Archive for ‘Tech’

March 18, 2011

Autodesk’s Mobile Games Creation Tour

After having worked on numerous iPhone games with different clients, I’ve often dreamed of making an iPhone/Android game that’ll hit the iTunes Jackpot and finance my dreams of world travel/domination.  In order to move that dream forward,  I’ll be attending this day and half workshop sponsored by Autodesk on March 28-29.  The event is free and is targeted towards:

  • Mobile Gaming developers
  • Professionals
  • Prior experience or success in game development
  • Freelancers for agencies and post production house

Do let me know if any of you are attending so we can meet up there!


February 10, 2011

Spacechem Soundtrack Makes You Feel Like an Engineering Hero

Spacechem has been getting a lot of good press lately, which is awesome.  The music for spacechem is also suitably awesome, and if you’re looking for some space opera type music to listen to in the background while you program like an engineering hero, look no further!  Evan Le Ny’s a longtime contributor for Zachtronics industries, and he has the spacechem official soundtrack (album cover by yours truly) up for download for free on his Jamendo website.  If you really like the music, please feel free to drop a donation his way!

September 8, 2010

Presentation Preview

Crazy busy these days.  Aside from regular work, working on a presentation for Y4it, so I haven’t had time to work on any of my own illustrations for a while. 😦

Still I wanted to update the blog regularly, so I’ll leave you with a sneak preview of my talk of the rise of the independent game development scene (and why local developers should ride the wave).  This slide talks about alternative funding models for making games, specifically the sponsorship or fan-supported route, where fans of a developer will send money to a developer directly either pay for a game or to help fund one.  I’d go into more detail but I’m honestly too tired right now.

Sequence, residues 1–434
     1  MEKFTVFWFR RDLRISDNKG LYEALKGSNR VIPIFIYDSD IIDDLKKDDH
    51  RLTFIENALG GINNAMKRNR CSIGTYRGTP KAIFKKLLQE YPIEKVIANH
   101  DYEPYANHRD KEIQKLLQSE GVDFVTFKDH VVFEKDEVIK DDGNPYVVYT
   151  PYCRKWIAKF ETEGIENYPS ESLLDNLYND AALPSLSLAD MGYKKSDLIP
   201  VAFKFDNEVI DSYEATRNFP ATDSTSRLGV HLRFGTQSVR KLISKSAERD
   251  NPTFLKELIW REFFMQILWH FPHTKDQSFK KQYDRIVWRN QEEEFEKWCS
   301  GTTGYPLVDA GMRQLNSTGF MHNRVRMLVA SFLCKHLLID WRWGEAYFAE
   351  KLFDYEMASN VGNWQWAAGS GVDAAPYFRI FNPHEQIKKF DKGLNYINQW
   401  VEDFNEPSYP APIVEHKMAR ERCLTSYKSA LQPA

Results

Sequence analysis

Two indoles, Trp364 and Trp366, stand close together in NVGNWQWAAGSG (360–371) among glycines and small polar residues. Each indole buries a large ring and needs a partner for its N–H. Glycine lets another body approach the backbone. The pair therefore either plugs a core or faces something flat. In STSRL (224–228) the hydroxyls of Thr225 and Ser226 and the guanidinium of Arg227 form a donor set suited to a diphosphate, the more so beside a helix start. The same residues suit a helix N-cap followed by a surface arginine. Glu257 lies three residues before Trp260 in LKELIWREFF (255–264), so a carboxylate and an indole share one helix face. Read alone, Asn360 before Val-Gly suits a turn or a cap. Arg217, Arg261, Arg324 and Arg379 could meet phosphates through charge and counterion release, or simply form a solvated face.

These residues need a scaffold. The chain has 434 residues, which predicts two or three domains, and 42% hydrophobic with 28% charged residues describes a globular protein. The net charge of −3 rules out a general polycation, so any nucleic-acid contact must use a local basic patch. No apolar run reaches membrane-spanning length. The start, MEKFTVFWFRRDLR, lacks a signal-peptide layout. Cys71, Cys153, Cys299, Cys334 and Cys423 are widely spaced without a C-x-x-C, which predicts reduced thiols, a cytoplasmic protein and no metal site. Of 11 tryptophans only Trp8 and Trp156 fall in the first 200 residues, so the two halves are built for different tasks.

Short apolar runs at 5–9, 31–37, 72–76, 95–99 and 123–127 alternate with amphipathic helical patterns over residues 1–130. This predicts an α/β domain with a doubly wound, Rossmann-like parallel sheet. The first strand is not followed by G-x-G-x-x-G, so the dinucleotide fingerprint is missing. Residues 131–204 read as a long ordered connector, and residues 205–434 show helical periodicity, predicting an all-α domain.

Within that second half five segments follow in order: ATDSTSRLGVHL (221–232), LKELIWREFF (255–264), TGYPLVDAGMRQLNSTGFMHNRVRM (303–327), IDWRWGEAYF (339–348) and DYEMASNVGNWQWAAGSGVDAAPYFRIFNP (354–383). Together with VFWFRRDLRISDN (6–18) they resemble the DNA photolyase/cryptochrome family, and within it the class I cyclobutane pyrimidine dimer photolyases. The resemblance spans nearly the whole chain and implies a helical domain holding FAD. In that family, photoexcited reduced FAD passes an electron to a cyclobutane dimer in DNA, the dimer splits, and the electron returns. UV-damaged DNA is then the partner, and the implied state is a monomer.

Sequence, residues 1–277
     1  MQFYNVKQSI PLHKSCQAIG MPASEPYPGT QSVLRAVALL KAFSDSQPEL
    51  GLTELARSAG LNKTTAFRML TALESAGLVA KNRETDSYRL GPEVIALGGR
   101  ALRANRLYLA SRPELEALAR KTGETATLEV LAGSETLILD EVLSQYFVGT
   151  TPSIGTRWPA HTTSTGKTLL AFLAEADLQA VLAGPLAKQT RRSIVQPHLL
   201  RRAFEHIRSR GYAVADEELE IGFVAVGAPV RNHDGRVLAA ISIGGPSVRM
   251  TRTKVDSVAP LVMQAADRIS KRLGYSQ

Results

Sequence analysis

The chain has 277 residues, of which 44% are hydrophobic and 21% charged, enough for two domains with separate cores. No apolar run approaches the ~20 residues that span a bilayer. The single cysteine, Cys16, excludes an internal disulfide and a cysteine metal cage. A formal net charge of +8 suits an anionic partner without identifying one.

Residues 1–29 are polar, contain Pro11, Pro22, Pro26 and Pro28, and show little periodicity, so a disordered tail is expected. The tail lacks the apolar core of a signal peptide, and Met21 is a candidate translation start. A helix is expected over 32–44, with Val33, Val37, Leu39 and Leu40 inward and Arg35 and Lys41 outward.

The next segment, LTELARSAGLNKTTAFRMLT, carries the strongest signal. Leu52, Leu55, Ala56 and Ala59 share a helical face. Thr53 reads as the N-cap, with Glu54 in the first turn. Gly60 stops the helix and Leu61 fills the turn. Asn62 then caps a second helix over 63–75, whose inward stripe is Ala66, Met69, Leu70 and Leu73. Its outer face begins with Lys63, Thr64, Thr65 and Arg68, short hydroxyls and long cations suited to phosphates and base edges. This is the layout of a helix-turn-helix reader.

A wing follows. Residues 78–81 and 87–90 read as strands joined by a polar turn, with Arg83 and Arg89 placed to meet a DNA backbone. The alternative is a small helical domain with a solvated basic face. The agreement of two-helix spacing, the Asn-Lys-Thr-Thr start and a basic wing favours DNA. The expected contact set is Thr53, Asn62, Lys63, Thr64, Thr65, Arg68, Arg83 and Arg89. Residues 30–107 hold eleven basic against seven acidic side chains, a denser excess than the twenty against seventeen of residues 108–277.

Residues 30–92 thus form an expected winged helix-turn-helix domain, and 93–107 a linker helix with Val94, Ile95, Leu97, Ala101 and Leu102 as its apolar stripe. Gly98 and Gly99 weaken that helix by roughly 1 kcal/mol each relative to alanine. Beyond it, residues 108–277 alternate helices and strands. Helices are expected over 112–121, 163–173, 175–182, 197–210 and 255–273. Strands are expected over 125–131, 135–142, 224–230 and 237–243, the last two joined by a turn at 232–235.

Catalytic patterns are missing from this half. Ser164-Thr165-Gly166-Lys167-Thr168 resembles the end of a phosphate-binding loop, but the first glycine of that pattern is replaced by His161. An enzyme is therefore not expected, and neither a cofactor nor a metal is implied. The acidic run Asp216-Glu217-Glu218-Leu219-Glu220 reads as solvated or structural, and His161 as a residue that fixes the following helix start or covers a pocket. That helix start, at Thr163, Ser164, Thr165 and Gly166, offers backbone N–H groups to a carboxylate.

June 19, 2009

The 8500 peso DSLR


A lot of my friends give me shit about being so frugal, but this is one of those days that I love bing a cheapass.  So a few weeks ago I was windowshopping in tipidPC, and I saw an olympus E-330 body being sold for 6500.  Sure, it was a little beat up, but it was still working, so I messaged the owner about it, and managed to negotiate it down to 5500.  Still, I waffled a bit, since I knew I’d have to find a lens, which oftentimes is even more expensive than the camera body.  Luckily, I found a dude selling his Olympus kit lens for 5k.  We had a bit of a back and forth, until I ultimately decided I really shouldn’t be spending so much money right now, and shut the whole thing out of my mind entirely (well, not entirely, I’m obssessive about these kinds of things).

A few days later, the seller of the lens messages me saying that based on my reputation in tipidPC, he’s willing to sell and ship the lens to me for just 3k.  Who was I to refuse such a good deal?  So now I’m the proud owner of an Olympus E-330, which while it’s already pretty old, still takes better shots than almost any point and shoot camera (or rather, it makes it easier to take better shots).

November 18, 2008



Last July, I had an article published in the Escapist talking about Piracy in the developing world, and how efforts to eradicate piracy by targeting pirates were doomed to fail simply because of the economic cost benefits of piracy.  In short, you can’t force people to buy games they can’t afford.  I argued that console manufacturers and publishers should beat the pirates at their own game and provide low cost versions of their software specifically made for and price adjusted to the spending capabilities of gamers in developing countries.  I received a lot of flak for that article, with many people going back to the weak argument that “if you can’t afford it don’t buy it”.  Well here’s what I have to say to that:

Fuck all of you dumb motherfuckers, EA just went and proved my fucking point.

Basically, the article says that EA has hooked up with a local distributor in Russia called 1C to distribute their games in Russia, the Ukraine, and Kazakhstan.